GE responds to JP Morgan cost cut as shares plummet

General Electric responded Friday to questions about the company’s financial situation raised by J.P. Morgan analyst Stephen Tusa.

GE said the idea “will be a fundamentally strong company which has a sound liquidity position. We are taking aggressive action to strengthen our balance sheet through accelerated deleveraging in addition to position our businesses for success.”

Shares of GE closed down 5.7 percent at $8.58 a share in Friday trading. The stock plunged as far as $8.15 a share earlier from the day, hitting the lowest level in nearly a decade.

GE’s third-quarter earnings were worse than expected “on almost all fronts,” Tusa said in a report Friday, adding which while the company’s liquidity issues are “certainly debatable, we believe This kind of will be not genuinely about liquidity, the idea’s about a deterioration in run rate fundamentals.”

Tusa’s analysis of GE’s balance sheet will be “overblown,” a company person with deep knowledge of its financial situation told CNBC’s Morgan Brennan. GE’s actions to sell off more than $20 billion in assets have provided the company with $10 billion in cash, according to the person. The company has “substantial sources to de-lever,” the person told CNBC, through the separation of health care in addition to the sale of its transportation assets.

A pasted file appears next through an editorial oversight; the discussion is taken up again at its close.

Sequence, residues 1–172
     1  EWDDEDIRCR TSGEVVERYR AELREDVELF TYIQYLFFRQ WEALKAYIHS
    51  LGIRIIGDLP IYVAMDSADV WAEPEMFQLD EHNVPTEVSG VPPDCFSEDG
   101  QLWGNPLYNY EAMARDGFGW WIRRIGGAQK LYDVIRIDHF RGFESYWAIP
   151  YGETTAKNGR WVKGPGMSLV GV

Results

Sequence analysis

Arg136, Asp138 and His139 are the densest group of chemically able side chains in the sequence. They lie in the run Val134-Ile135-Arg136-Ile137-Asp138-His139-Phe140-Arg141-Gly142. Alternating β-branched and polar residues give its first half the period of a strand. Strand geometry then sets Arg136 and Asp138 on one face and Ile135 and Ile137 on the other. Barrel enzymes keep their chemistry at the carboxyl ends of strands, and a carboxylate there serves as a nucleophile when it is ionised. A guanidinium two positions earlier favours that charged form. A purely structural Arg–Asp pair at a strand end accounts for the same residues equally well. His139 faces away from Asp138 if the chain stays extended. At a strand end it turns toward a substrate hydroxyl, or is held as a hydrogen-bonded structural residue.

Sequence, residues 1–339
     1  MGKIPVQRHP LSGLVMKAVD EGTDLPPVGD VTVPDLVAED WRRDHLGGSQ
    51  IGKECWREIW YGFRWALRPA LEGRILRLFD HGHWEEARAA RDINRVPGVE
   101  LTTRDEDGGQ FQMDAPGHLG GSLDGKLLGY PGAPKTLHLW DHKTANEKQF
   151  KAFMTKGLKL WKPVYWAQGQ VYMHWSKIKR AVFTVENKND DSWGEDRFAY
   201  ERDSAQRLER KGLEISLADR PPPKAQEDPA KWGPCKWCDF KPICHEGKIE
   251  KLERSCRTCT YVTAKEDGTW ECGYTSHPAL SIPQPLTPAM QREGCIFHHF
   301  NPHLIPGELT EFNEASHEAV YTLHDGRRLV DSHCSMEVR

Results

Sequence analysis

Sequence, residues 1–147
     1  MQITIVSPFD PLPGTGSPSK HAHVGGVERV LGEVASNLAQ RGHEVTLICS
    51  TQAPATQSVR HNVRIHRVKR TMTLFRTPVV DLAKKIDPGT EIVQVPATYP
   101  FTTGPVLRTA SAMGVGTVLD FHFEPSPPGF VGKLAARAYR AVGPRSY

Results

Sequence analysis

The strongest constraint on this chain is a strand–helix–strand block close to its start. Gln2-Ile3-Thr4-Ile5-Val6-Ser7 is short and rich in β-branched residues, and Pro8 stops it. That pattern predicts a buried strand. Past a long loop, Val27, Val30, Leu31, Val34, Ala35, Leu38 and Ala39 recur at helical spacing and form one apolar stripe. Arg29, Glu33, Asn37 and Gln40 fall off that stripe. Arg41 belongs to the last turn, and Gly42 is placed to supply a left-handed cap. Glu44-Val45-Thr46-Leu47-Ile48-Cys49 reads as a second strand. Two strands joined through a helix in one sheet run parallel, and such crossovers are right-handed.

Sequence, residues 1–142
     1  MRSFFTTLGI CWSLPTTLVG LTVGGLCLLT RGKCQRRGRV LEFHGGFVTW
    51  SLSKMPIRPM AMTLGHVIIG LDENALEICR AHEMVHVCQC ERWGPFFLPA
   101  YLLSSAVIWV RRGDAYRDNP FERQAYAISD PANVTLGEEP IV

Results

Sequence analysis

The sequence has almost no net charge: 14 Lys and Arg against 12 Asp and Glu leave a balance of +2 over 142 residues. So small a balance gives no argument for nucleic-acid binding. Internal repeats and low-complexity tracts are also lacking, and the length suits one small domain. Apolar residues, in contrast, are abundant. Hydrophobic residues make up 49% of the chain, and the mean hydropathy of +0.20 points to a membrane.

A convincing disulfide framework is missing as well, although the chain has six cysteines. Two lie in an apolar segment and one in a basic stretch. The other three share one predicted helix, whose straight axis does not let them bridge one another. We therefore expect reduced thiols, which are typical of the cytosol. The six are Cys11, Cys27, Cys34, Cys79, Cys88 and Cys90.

The J.P. Morgan analyst gave a bleak outlook for GE’s future profits. Tusa expects six of GE’s eight reporting segments to no longer be profitable by 2020, a sharp drop through when all eight “were profitable even 2 years ago,” he said. GE’s restructuring will be “far through a ‘kitchen sink'” situation, where all the company’s bad news comes out at once, Tusa said.

He also expressed skepticism about the company’s rebuilding efforts. Tusa said GE’s third-quarter results “appear to go against the notion which there will be ‘lots of restructuring’ going on here.”

“While the stock will be down ~70% through the peak of $30, This kind of move still does not sufficiently reflect the fundamental facts, in our view,” Tusa said.

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